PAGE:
My melodious joy, my silver horn!"
Then suddenly loos'd the bugler's clasp;
His kiss was but a dying gasp.
Yet marvels of power can love evoke:
At the touch of his lips the bugle spoke!
And wondrously sweet, and clear, and strong,
From thence outrang a silver song.

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Orlando Furioso Canto 20

ARGUMENT
Guido and his from that foul haunt retire,
While all Astolpho chases with his horn,
Who to all quarters of the town sets fire,
Then roving singly round the world is borne.
Marphisa, for Gabrina's cause, in ire
Puts upon young Zerbino scathe and scorn,
And makes him guardian of Gabrina fell,
From whom he first learns news of Isabel.

I
Great fears the women of antiquity
In arms and hallowed arts as well have done,
And of their worthy works the memory
And lustre through this ample world has shone.
Praised is Camilla, with Harpalice,
For the fair course which they in battle run.
Corinna and Sappho, famous for their lore,
Shine two illustrious light, to set no more.

II
Women have reached the pinnacle of glory,
In every art by them professed, well seen;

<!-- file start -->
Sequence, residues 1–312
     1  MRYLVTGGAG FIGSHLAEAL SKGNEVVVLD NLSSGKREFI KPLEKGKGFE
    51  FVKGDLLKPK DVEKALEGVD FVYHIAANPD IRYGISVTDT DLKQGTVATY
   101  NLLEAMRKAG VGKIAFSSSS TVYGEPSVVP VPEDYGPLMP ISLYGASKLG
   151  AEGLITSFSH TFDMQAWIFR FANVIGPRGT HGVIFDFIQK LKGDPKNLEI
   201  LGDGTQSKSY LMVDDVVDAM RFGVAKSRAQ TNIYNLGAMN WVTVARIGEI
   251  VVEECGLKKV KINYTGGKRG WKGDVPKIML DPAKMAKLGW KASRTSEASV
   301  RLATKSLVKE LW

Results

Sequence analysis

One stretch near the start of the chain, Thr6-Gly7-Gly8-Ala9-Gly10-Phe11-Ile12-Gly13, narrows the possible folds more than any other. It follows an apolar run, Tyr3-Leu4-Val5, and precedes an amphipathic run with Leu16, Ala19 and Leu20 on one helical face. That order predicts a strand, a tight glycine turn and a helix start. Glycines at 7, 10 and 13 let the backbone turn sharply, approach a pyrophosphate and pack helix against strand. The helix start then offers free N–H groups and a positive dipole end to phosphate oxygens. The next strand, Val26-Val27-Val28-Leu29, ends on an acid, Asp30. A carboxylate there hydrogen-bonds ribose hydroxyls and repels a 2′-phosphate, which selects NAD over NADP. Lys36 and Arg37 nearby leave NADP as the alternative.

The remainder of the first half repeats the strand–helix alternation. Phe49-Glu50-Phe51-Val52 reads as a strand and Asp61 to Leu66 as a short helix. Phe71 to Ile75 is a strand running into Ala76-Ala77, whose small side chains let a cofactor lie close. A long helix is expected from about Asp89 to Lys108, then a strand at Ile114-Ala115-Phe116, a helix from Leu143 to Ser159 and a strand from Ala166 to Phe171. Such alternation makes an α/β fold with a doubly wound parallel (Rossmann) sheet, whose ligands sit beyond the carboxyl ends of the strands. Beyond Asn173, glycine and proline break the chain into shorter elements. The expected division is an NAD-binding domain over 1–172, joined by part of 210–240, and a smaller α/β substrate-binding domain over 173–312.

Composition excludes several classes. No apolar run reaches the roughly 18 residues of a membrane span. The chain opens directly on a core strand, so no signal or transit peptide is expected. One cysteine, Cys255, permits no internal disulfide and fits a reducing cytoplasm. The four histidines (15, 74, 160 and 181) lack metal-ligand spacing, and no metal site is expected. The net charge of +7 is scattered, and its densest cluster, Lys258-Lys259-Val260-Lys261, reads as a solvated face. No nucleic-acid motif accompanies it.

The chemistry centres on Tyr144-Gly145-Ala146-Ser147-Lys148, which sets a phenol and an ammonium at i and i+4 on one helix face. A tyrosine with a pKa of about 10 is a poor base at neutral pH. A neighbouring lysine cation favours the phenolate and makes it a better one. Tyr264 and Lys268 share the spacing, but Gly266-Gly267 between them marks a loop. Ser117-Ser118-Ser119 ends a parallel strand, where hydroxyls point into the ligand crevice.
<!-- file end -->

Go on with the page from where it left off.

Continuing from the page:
And whosoever turns the leaf of story,
Finds record of them, neither dim nor mean.
The evil influence will be transitory,
If long deprived of such the world had been;
And envious men, and those that never knew
Their worth, have haply hid their honours due.

III
To me it plainly seems, in this our age
Of women such is the celebrity,
That it may furnish matter to the page,
Whence this dispersed to future years shall be;
And you, ye evil tongues which foully rage,
Be tied to your eternal infamy,
And women's praises so resplendent show,
They shall, by much, Marphisa's worth outgo.

IV
To her returning yet again; the dame
To him who showed to her such courteous lore,
Refused not to disclose her martial name,
Since he agreed to tell the style be bore.
She quickly satisfied the warrior's claim;
To learn his title she desired so sore.
'I am Marphisa,' the virago cried:
All else was known, as bruited far and wide.

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... Forever

(performed by dnew featuring temple)
It seemed so nice
From the start
Our hearts could not be torn apart
Wed be together
But only diamonds last forever
Jealous was my lover
Told me that there was no other
Music and lyrics by chris cuben-tatum
Produced by chris cuben-tatum
For ceoncept enterprises international
Saxophone by dnew
Lead vocals by temple
Background vocals by cct
Mediterranean patois by deanna khishaba
Recorded and mixed by chris cuben-tatum
At concept enterprises international studios-chicago
Published by its cee cee tee music (bmi)